There is certainly a very good film within Better Days. Arguably, in fact, there are three: a story about high school bullying, a story about the high pressure put upon teenagers to perform well academically, and a love story about two teenaged outsiders finding strength in each other's presence. It's not very hard to see how they'd fit together, either, since the screenplay that Lam Wing-Sum & Li Yuan & Xu Yimeng have adapted from Jiu Yuexi's novel In His Youth, In Her Beauty (the original Mandarin titles of the book and film are much closer to each other and not really to either English title) basically tells us how: the bullying is an artifact of the pressure, and the outsider boy helps the outsider girl deal with the bullying. Even so, the thing feels appallingly disjointed, with the romantic melodrama fitting in so uncomfortably next to the bullying that it almost feels like a completely different movie has been splices in by accident, like if Twilight and Blackboard Jungle had somehow been crammed into the same body.

Here's something you'll rarely hear me say: it's much better when it's more of a message movie. The opening, when it is most determinedly about bullying, has all of the best material, executed by director Derek Tsang with a raw naturalistic style that leaves very little room for feeling anything but sickened. Things kick off with a peculiar opening scene that finds schoolteacher Chen Nian (Zhou Dongyu) instructing her students in English, drilling them on the differences between the sentences "this used to be our playground", "this was our playground", and "this is our playground", and as the children dutifully chant "this used to be", she gets a funny look on her face and - poof we've jumped backward to her own final year of high school. It's a frankly baffling framing device (and it does come back at the very end, in the form of a mid-credits scene; to me this makes it all the more baffling), and coupled with the generally piecemeal assembly of the film, it does make it feel awfully like the filmmakers are just kind of throwing shit at the wall to see what sticks. But things very quickly snap into focus after that, with the younger Chen Nian walking in an almost trancelike state though a crowd of her schoolmates into a broad empty space in front of the school, where her friend Hu Xiaodie has just jumped to her death; in a particularly sharp and distressing touch,  we don't see what the hell is going on at all, with the dead girl's body kept tastefully off-camera, even as Chen Nian delicately places a blanket over the corpse. The subtlety and emotional understatement of this sequence, not to mention its almost dreamlike detached reality, are found nowhere else in the film, but it does create an awfully good first impression of a movie that's going to be dealing with hard facts in a hard, unsentimental way.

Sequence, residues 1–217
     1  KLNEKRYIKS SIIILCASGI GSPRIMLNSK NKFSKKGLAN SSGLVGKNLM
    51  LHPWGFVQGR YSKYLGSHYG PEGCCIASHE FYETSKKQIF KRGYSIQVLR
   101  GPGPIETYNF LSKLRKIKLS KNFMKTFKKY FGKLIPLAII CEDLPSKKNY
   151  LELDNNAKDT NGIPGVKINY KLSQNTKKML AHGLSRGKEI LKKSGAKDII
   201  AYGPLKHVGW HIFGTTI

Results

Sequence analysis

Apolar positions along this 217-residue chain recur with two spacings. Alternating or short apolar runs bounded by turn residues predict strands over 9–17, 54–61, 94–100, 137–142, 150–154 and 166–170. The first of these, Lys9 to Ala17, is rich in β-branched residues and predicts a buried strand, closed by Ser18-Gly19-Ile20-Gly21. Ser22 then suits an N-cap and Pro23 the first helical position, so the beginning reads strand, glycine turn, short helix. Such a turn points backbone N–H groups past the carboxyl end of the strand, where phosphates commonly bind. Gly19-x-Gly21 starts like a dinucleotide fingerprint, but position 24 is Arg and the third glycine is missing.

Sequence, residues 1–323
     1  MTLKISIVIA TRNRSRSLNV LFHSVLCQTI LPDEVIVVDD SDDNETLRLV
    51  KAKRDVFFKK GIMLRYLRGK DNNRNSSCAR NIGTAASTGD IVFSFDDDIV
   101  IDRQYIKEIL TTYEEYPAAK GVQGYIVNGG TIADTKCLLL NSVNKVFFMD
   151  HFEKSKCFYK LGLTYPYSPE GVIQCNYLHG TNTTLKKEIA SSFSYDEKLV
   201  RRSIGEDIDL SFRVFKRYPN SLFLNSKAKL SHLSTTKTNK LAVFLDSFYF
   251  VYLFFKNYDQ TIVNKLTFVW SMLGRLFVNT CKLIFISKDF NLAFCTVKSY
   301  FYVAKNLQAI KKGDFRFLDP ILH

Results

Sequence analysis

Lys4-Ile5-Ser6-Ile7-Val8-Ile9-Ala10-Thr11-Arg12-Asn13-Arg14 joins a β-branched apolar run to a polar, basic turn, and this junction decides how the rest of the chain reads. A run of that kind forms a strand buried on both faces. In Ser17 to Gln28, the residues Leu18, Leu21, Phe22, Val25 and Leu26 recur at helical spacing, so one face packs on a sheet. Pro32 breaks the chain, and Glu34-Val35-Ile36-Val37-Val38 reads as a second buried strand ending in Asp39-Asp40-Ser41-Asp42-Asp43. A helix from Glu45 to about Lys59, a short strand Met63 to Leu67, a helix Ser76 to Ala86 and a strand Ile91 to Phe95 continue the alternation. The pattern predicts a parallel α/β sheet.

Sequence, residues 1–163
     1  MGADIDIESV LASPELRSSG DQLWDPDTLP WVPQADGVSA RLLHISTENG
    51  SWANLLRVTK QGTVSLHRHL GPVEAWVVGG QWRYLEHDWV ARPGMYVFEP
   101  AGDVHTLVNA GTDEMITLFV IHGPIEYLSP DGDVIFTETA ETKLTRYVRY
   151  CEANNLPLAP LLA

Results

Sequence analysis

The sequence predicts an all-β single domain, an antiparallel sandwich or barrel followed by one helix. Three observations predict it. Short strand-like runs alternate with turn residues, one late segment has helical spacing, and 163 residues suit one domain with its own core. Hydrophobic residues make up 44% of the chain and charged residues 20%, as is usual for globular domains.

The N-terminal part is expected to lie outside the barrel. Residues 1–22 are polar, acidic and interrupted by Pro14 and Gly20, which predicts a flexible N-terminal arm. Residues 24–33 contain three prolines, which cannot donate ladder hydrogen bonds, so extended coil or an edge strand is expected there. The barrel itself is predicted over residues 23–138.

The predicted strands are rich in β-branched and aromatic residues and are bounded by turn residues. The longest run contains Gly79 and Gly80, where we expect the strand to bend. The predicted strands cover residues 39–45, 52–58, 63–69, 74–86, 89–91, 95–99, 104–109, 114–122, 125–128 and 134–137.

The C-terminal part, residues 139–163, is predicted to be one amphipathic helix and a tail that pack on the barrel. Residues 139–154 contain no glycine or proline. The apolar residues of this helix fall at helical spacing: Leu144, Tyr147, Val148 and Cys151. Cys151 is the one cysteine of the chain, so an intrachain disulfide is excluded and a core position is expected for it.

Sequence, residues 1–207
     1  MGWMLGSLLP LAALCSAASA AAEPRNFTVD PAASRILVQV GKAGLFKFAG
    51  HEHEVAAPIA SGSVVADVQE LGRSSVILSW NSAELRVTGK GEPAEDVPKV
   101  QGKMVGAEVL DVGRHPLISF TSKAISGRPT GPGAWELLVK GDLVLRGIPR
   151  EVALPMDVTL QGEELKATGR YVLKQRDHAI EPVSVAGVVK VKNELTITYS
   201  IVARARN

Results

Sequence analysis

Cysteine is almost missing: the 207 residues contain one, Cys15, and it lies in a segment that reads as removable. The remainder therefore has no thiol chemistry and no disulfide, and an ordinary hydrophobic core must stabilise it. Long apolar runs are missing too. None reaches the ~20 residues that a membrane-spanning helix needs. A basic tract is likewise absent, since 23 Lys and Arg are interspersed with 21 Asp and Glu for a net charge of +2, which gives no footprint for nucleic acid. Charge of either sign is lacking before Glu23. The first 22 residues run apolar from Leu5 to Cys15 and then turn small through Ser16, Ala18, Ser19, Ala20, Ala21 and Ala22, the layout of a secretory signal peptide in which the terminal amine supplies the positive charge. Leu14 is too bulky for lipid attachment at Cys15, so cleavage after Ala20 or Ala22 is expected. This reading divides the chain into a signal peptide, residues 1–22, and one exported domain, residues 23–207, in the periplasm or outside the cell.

And that carries through Better Days for a bit, as Chen Nian ends up attracting the unwanted attention of Wei Lai (Zhou Ye), the first same mean-girl-in-chief whose nonstop bullying drove Hu Xiaodie to suicide. This gets altogether terrible when Chen Nian admits to the police investigating the suicide about this bullying; she soon finds herself at the receiving end of some profoundly cruel and violent attacks. So far, so good - unpleasant as hell, of course, and there's not a scrap of sophistication in how aggressively the film presents the hardly-controversial idea that bullying is bad. Where Better Days starts to gum itself up is when it begins introducing its other strands. Marrying a story about bullying to a story about the unrealistic pressures placed upon students to excel all the time makes a kind of intuitive sense, combining the over schoolyard bullying of the mean girls with the more insidious emotionally abuse of an adult society that openly views children as barely human and good for nothing more than competing with each other for slots at arbitrarily school, and then the most insidious bullying of all, the self-loathing of the student who has absorbed all of this and manages to convince herself that competing in that system is in fact good.